London 2012 breaks promise to get Britons active
Britons may be watching lots of Olympic athletes this summer but
they sure aren’t moving more themselves.
When London was awarded the 2012 Summer Olympics seven years
ago, officials promised they would get 2 million more people
physically active in time for the opening ceremonies.
But when the torch is lit July 27, the government will not only
have failed, it will have backed away from its pledge entirely.
Last year, the U.K. quietly dropped its aim to get 1 million more
Britons into sports; the pledge to get another 1 million people
more active through things like biking or walking to work has also
Some experts lamented the missed opportunity.
”Olympic sports are seen as elite and not part of everyday
life,” said Adrian Bauman of the University of Sydney in
Australia. ”Having the Olympics doesn’t translate into more
physical activity unless there is a strong infrastructure to get
Britain’s strategy was based largely on providing free school
sports programs for children. While numbers grew in the first few
years, they have since flat lined, according to national surveys.
As the government cut spending amid Europe’s debt crisis, it also
slashed sports programs for adults, including free swimming for
With a population of about 60 million, Britain is western
Europe’s fattest country. Soccer is wildly popular, but Britons are
more likely to cheer on their favorite teams from the local pub
rather than emulating them on the pitch.
Olympics secretary Jeremy Hunt said the government was looking
for other ways to measure people’s activity levels and insisted it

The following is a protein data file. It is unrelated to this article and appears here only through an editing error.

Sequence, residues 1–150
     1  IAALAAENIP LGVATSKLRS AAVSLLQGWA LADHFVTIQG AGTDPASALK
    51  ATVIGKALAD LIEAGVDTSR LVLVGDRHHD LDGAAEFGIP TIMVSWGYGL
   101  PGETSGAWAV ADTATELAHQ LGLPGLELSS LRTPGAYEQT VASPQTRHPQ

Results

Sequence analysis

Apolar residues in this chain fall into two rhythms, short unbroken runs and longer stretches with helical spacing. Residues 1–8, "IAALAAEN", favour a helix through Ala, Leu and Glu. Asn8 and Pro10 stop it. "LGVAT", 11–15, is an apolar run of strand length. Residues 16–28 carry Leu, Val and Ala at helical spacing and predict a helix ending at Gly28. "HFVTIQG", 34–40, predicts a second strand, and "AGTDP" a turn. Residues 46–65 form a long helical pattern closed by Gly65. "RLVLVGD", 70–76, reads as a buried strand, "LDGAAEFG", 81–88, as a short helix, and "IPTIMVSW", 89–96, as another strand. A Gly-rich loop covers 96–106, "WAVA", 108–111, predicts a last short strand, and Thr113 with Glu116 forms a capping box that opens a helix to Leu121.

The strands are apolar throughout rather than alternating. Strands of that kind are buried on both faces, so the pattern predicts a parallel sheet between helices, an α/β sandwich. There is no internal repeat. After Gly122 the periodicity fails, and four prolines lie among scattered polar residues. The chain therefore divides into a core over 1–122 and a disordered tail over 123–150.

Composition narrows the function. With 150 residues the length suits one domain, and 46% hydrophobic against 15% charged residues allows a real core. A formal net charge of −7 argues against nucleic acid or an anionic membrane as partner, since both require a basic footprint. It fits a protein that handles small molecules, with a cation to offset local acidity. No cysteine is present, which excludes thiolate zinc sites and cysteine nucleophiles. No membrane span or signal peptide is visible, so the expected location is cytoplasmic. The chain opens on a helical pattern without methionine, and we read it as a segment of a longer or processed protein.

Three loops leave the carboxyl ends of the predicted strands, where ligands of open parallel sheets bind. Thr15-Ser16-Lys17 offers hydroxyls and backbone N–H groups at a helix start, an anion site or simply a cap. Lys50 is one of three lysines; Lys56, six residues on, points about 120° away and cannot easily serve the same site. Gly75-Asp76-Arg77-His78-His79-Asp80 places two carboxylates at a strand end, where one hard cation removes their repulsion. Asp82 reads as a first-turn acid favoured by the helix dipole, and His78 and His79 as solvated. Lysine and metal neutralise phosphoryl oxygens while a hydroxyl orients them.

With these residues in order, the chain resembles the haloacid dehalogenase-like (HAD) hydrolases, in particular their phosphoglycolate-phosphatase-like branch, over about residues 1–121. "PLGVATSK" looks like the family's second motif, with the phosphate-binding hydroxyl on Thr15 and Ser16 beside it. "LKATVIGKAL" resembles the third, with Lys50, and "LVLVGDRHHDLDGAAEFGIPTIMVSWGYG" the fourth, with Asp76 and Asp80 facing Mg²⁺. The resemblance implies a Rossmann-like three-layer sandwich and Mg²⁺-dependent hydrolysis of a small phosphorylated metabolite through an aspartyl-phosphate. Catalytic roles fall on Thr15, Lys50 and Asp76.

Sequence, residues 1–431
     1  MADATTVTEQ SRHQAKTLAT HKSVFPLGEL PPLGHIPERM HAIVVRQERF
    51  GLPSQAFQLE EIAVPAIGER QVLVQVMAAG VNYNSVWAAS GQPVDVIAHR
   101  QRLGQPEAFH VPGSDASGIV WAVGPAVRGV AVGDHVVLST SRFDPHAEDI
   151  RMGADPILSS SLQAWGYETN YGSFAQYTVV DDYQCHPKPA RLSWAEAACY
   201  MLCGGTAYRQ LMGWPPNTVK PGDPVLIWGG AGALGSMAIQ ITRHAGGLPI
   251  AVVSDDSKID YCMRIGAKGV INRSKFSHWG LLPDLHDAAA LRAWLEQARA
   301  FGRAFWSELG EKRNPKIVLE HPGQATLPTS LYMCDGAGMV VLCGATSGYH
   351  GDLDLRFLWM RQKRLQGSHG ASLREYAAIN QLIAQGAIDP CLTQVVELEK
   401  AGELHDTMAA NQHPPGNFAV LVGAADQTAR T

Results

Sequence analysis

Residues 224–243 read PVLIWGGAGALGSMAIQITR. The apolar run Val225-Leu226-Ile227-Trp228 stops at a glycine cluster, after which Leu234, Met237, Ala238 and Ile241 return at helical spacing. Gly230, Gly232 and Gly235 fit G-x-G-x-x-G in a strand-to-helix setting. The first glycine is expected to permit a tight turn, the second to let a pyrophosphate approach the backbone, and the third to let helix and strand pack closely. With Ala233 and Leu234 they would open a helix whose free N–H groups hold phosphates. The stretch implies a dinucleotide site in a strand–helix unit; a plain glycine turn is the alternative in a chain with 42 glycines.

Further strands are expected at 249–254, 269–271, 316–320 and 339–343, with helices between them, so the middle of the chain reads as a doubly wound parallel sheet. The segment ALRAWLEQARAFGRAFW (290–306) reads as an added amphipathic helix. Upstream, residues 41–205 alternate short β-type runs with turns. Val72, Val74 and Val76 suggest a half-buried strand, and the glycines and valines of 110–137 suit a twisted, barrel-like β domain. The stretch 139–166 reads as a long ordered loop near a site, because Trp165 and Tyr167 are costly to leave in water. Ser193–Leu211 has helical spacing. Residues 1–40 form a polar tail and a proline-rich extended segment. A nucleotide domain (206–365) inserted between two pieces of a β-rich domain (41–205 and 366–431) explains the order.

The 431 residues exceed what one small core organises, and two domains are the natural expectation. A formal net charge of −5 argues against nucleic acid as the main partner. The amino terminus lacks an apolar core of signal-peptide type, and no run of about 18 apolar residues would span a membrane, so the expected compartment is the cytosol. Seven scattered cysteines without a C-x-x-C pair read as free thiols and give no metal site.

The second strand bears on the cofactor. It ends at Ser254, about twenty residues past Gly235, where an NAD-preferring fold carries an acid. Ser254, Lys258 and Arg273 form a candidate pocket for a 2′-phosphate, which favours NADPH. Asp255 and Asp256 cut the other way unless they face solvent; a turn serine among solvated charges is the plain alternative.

was still working with local sports clubs to boost participation. A
government spokesman called the original target ”arbitrary.”
”The Olympics do inspire people, but there is no evidence there
are increased physical activity levels afterwards,” said Bill
Kohl, director of the physical activity epidemiology program at the
University of Texas School of Public Health. ”Most people realize
they will never be (track star) Usain Bolt.”
On Wednesday, Kohl authored a paper that labeled low levels of
physical activity worldwide a ”pandemic.” It was published in the
Lancet medical journal.
Another study concluded being a couch potato was as potentially
lethal as smoking or being obese. Researchers estimated that a lack
of physical activity causes about 1 in 10 deaths worldwide and is
responsible for about 7 percent of type 2 diabetes cases and 10
percent of breast cancer and colon cancer cases.
”For the individual, it is certainly more dangerous to smoke
than to be physically inactive,” Kohl said. ”But on a population
level, the impact of physical inactivity is equal to smoking.”
Critics have slammed London 2012 chairman Sebastian Coe for his
failure to deliver on organizers’ physical activity pledge.
”We are way off target,” said Mike Weed, director of the
Centre for Sport, Physical Education and Activity Research at
Canterbury Christ Church University. Based on current numbers, he
said the promise to get 2 million more people active wouldn’t
happen until about 2035.
No host country of the Olympics has ever been able to convert
enthusiasm for the games into a sporty population.
Weed said elite Olympians weren’t the best role models for
average Britons and cited a much less athletic example: chunky
London mayor Boris Johnson, who has introduced a popular bike
rental system in the British capital.
”If you see somebody in Lycra at the Olympics on a 10,000-pound
($15,600) bike, that says this is not for you,” Weed said. ”But
if you see Boris Johnson in a suit riding along on an obviously
unsporty bike, the message is that if he can do it, anyone